Isolation Culture could signify the moment that Jonathan Clancy and his merry troupe peek over from the underground. Their brand of charming yet dark guitar pop has here been produced by a mixture of MJ (Hookworms) and Stu Matthews (Beak) giving it that all important mid-fi sheen that brings to mind Deerhunter.
Vinyl LP £20.49 MDR011
Ltd Coloured vinyl LP on Maple Death Records / Tannen Records.
- Coloured vinyl
- Includes download code
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- Isolation Culture by His Clancyness
Thanks to the lovely people at Maple Death records I'm now able to listen to this in it's entirety. I can only apologise that their generosity hasn't enabled me to pump from a 7 to 8 as I suggested in my earlier review. I'm sticking with a 7 but it doesn't mean I dislike the record. We must remember when Phil moans at me for awarding albums 7 that 7 =good. This is a good album.
Anyway enough of our office politics. It's certainly a very worthwhile second LP from this worldly four piece. The title track is spot on excellent showcasinthe kind of dark mysterious indie rock with weird chord changes that Deerhunter don't make anymore. 'Uranium' is a electronic krauty piece that recalls Broadcast and later era Portishead with a motorik groove and some deeply odd vocals drifting over the top. 'Pale Fear' kind of melts these two sounds together with scratchy guitar competing with unusual drum textures and a big fat synth slathered over. Production is split between MJ (Hookworms) and Stu Matthews (Beak) and if that doesn't give you an idea of where this is coming from, nothing will.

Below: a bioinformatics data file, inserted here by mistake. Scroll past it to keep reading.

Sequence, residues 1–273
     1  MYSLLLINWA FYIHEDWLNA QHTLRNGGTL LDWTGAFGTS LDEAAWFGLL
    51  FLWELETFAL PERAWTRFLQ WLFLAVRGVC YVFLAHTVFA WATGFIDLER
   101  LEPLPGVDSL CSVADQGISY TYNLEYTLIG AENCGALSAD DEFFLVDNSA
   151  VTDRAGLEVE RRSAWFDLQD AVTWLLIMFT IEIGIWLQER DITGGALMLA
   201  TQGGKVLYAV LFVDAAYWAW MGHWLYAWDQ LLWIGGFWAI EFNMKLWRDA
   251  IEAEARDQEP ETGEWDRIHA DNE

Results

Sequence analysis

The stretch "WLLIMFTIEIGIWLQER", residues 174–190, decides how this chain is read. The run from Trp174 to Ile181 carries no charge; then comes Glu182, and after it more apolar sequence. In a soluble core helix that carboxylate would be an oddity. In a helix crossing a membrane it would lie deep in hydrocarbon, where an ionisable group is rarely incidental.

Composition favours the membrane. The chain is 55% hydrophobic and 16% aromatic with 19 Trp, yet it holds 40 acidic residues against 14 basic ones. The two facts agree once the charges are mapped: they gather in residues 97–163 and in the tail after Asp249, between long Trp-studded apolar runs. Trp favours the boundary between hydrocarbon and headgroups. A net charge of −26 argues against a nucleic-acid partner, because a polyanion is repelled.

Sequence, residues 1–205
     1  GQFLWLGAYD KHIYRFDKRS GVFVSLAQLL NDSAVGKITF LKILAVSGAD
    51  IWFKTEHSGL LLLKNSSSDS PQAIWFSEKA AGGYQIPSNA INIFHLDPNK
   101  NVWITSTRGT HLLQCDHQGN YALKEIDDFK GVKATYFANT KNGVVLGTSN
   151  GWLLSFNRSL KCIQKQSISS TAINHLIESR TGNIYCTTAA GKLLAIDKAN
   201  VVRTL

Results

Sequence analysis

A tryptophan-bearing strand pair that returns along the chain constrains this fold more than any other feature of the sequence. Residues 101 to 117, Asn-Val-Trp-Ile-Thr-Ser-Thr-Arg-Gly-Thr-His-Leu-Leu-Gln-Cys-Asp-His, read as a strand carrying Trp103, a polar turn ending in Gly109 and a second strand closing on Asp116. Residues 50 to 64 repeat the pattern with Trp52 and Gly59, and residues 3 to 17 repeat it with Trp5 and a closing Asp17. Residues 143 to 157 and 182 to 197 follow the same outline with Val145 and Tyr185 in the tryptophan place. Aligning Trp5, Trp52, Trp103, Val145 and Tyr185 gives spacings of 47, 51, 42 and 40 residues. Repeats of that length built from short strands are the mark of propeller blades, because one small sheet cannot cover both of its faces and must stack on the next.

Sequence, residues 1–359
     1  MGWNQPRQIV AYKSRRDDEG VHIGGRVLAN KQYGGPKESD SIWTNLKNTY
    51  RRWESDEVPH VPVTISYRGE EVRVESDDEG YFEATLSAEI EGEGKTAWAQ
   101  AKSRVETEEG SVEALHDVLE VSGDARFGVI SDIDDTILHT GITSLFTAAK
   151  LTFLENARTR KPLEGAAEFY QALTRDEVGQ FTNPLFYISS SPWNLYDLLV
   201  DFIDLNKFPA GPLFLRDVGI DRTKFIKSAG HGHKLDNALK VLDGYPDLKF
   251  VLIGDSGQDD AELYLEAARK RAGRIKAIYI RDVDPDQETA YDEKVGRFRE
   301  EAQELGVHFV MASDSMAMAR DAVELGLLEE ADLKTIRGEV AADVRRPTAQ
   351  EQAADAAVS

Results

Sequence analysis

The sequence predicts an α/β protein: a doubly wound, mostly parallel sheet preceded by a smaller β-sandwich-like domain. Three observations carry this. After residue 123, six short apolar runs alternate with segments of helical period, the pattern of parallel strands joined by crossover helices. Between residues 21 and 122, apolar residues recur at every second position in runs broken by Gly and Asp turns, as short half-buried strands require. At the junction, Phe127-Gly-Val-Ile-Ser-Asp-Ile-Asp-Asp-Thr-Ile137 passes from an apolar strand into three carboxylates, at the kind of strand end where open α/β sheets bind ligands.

In fact having listened to the album in it's entirety Deerhunter are constantly the reference point. Thing is - His Clancyness also do those plodding ballads Deerhunter have made their speciality over recent years as well as the thrilling visceral rock. The upbeat moments are what I like best here, other than the aforementioned album highlight title track, 'Xerox Mode' is also a propulsive slab of indie rock with a few Women influences and closer 'Only One' has the Neu-ish kraut pulse. Of the less speedy tracks I like His Clancyness when they are stranger as on the muffled distorted mystery pop of 'Nausea' that wavers and tumbles as if being played in a rowing boat.
His Clancyness are a deeply odd proposition unafraid of some rather jarring chord changes and oddball vocals. They make inventive indie rock that very often hits pay dirt.
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